Contemplation: Our Labor of Love

Contemplation: Our Labor of Love 940 788 SVDP USA

On the very first page of our Rule you will find a truly remarkable statement: “No work of charity is foreign to the Society.” [Rule, Pt. I, 1.3]

All modern communities thrive by specialization; farmers farm, builders build, writers write, and so on. Within the community of charitable and philanthropic organizations, there also tends to be specialization; shelters for the homeless, food pantries for the hungry, utility assistance, legal aid — the list, especially in this generous nation, is nearly endless.

Through specialization, each of us contributing what we are best able to contribute, more needs can be met overall, and this is obviously to the good!

But the Society of St Vincent de Paul not only lacks a specialty, it would seem that we explicitly dismiss specialization.

Or do we?

Vincentians are called, above all else, “to follow Christ through service to those in need and so bear witness to His compassionate and liberating love.” [Rule, Pt. I, 1.2]

Our service, our works, are the means towards growth in holiness; we’re called to see the face of Christ in those we serve, to fulfill His teaching, and to draw others to Christ through our example of charity.

And so, on our Home Visits, when we observe not only additional material needs, but ways in which we might help to alleviate the causes of the neighbor’s distress, we eagerly seek to do so, through our individual efforts, and through our many special works, from Thrift Stores to disaster relief; from tutoring to prison ministries.

None of these works stems from an ambition merely to provide greater amounts of material assistance, but from a commitment to love our neighbors as ourselves.

The Society of St. Vincent de Paul, then, does have a specialty, but it is the charity, not the works.

We’re not, after all, the Society of Rent Assistance, or of Groceries; we are the Society of St Vincent de Paul, called by the example of our patron to “love God with the strength of our arms and the sweat of our brows.”[CCD XI:32] Charity itself is not a work; charity is love. No work offered in love is foreign to us.

And if we truly seek to serve Christ, how can it be otherwise?

Contemplate
Do I serve my neighbor for love alone?

Recommended Reading
Vincentian Meditationsespecially 23. The Vincentian Witness

Contemplation: God’s Gift, Wrapped in Humility

Contemplation: God’s Gift, Wrapped in Humility 940 788 SVDP USA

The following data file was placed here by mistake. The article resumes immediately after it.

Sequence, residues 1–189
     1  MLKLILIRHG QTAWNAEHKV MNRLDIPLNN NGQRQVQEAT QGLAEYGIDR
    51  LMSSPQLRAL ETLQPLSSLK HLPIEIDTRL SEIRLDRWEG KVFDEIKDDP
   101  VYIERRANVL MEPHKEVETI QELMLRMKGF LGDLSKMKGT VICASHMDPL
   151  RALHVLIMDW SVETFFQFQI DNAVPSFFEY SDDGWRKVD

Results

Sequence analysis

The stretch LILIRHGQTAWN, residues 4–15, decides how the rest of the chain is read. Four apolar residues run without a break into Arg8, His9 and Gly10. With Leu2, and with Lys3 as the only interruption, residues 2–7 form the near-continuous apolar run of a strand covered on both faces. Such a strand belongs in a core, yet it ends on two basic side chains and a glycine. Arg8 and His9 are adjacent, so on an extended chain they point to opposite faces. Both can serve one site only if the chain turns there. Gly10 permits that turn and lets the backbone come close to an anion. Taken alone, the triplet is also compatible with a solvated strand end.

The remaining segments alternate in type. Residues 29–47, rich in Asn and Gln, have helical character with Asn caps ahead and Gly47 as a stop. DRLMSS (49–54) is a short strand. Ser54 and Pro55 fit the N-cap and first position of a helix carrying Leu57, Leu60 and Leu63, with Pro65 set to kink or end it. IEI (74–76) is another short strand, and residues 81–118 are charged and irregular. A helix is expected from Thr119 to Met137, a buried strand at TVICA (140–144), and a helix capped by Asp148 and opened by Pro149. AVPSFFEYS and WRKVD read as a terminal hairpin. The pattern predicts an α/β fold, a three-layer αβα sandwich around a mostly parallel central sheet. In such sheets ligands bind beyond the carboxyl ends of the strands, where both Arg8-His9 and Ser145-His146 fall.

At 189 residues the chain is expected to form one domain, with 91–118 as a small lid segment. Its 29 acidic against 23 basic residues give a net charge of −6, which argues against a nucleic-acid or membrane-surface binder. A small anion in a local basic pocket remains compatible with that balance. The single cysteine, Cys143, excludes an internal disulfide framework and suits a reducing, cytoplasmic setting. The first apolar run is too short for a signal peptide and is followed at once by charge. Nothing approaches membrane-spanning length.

Have you ever seen somebody, puffed up with himself, stride into a room, clearly expecting to be the center of attention? Sometimes we hear people mutter, “He thinks he’s God’s gift to us…”

It’s a shame that this expression is used as a derisive commentary on personal vanity, because, when you think about it, aren’t we all “God’s gifts?” That seems like an easy thing to understand when we refer to a newborn infant as a “gift from God.”

You, too, are “God’s gift” to your brothers and sisters. So am I. This is not a validation of our vanity — quite the opposite! In vanity, we make ourselves the center. By contrast, as God’s gift, I am not for me, I am for you. God is the center. He carefully created us, wrapped us, and sent us.

To be God’s gift, then, is a call not to vanity, but to our Vincentian virtue of humility in which we accept that “all that God gives us is for others and that we can achieve nothing of eternal value without His grace.” [Rule, Part I, 2.5.1]

Following Christ’s call to serve Him in the person of His poor, Vincentians seek to share not only our time, our talents, and our possessions, but also ourselves in a spirit of generosity. [Ibid]

And in giving, we receive.

As Fr. Hugh O’Donnell explains in an article titled Apostolic Reflection, “God is present in each person and in the community.”

In other words, while each of us is a unique creature of God, all of us together, as a group, also are a unique instance of God’s grace. The group does not change when a new person enters — it becomes an entirely new group, enriched by receiving another gift from God.

The vain man sees himself not only as the gift, but as the giver; the one who should be thanked. We are called to offer God’s gift, wrapped in humility, seeking nothing in return. Miraculously, when we do so, this gift of love will be multiplied.

What a wonderful exchange of gifts; what a wonderful celebration!

For we truly are the gifts when God is the Life of the party.

Contemplate

Are there times I try to keep this gift to myself?

Recommended Reading

Mystic of Charity

Contemplation – The Joy of Communion

Contemplation – The Joy of Communion 940 788 SVDP USA

Our journey towards holiness will be more fruitful, our Rule says, if it includes “devotion to the Eucharist” [Rule, Part I, 2.2] which “plays a major role in Vincentian spirituality.” [Manual, p.65] The Eucharist unifies us and sends us forth.

The spiritual dimension of our Vincentian Formation teaches us that our pathway is a shared one, that we are meant to grow in holiness together as members of a community of faith.

Bl. Frédéric once said that although they might not be with him, when he received Communion he was “in close touch with my friends, all united to the same Saviour.” [Baunard, 381] After his mother’s death, he said that he believed that when the Savior visited, his mother “follow[ed] him into my poor heart.” [Baunard, 158]

In this, he echoed St. Louise, who reminds us that “Holy Communion with the Body of Jesus Christ causes us truly to participate in the joy of the Communion of Saints in Paradise.” [Spiritual Writings, A.15]

The Eucharist, which takes its name from the Greek word for giving thanks, is a gift we receive because Christ’s love is “inventive to infinity.” [SVdP, CCD XI:131] Having received Him, we must thank God “by our desire to honor Him in all the actions of our lives.” [St. Louise, Spiritual Writings, A.15]

Following Mass, filled with the “power of conviction,” [Baunard, 342] Bl. Frédéric always visited the poor of his Conference on his walk home. As his biographer Monsignor Baunard put it, he “returned to Our Lord, in the person of His suffering poor, the visit which he had just received from Him in the Holy Eucharist.” [Baunard, 209]